Evening high-intensity exercise does not disrupt sleep
It’s difficult for many adults to find the time to exercise as they are busy meeting the many demands of life. As a result, many adults don’t have the time for fitness and are reluctant to exercise in the evening after a long day. Many also believe that high-intensity exercise should be avoided in the early evening as it affects sleep. This also acts as a barrier to exercise in the evening. However, recent research from Charles Sturt University in Australia shows that high-intensity evening exercise does not negatively impact sleep.
The study also showed that afternoon and evening high-intensity exercise were associated with greater reductions of the hunger-stimulating hormone, ghrelin.
For this study, the researchers recruited eleven middle-aged men to complete three experimental trials. The researchers investigated sleep and appetite responses to exercises which were performed in the morning (6-7 am), afternoon (2-4 pm) and evening (7-9 pm). The participants performed high-intensity cycling which involved six one-minute, maximal intensity sprints interspersed by four minutes of rest. The researchers collected blood samples prior to exercise and after exercise to examine appetite-related hormones. Other tests were also performed during sleep to assess sleep stages.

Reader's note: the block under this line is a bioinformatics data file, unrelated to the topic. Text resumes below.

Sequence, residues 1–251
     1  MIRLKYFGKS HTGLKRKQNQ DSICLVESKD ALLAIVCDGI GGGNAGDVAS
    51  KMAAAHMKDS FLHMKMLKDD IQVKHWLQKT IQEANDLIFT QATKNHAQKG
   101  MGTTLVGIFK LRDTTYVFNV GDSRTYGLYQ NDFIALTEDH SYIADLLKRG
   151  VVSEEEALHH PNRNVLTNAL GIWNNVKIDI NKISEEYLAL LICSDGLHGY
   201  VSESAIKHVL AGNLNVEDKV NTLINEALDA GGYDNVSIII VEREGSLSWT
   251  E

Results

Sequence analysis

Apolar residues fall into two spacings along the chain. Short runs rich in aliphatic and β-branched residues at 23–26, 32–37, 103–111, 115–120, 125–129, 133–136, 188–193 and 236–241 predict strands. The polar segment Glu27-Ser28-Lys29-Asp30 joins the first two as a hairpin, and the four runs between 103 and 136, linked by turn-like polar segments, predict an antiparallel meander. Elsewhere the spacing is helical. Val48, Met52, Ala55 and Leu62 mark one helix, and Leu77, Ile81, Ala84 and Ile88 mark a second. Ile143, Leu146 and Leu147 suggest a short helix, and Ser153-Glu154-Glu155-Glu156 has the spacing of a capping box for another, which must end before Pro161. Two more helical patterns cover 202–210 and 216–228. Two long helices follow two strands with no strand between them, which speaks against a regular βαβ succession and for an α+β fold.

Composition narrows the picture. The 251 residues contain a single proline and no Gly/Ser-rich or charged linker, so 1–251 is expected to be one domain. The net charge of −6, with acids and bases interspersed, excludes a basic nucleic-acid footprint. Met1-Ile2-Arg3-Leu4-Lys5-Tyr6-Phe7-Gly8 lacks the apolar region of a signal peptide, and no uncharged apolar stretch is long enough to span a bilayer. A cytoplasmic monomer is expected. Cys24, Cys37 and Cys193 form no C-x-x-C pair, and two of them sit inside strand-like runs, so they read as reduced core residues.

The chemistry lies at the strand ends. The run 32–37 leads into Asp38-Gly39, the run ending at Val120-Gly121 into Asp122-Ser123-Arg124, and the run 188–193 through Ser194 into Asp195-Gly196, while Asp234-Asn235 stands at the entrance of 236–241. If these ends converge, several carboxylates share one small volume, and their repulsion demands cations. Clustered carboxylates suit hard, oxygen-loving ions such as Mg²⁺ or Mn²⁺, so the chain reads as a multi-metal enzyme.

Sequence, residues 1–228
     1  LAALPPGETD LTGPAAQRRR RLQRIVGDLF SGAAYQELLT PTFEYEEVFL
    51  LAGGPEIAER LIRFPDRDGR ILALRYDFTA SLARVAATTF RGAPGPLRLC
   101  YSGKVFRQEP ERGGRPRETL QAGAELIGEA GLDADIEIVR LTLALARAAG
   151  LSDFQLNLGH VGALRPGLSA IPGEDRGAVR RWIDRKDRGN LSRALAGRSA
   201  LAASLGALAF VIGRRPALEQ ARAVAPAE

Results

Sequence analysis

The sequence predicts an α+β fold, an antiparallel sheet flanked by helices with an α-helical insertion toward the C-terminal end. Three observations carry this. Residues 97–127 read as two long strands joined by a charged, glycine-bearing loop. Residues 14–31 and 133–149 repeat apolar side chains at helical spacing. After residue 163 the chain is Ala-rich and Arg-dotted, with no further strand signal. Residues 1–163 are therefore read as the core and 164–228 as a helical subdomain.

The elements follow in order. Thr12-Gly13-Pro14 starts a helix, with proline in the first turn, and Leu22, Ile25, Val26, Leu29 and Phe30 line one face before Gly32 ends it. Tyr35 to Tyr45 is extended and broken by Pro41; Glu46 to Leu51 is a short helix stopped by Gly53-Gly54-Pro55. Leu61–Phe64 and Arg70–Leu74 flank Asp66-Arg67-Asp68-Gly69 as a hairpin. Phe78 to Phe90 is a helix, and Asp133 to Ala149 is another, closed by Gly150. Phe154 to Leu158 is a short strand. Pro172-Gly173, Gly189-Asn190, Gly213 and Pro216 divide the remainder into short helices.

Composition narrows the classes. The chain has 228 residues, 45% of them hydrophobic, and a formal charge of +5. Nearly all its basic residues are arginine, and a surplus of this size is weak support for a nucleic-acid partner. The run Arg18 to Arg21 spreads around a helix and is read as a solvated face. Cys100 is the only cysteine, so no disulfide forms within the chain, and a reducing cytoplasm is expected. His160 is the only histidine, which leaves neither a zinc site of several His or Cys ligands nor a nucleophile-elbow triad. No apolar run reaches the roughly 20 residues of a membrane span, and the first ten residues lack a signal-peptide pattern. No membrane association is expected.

The results showed that a single bout of evening exercise did not negatively impact sleep. The study also showed that afternoon and evening high-intensity exercise were associated with greater reductions of the hunger-stimulating hormone, ghrelin. However, the researchers emphasise that a single bout of exercise was not linked to reduced hunger. Researchers also found that the power output during the sprint was higher for afternoon and evening exercise compared to the morning trial suggesting that the participants were able to perform better during the latter part of the day.
Even though this study only considered a single bout of exercise, it provides support for high-intensity exercise in the early evening. However, the researchers hope to conduct further studies which will involve women, given that sleep and appetite regulation depends on age and sex.
Source: The Physiological Society
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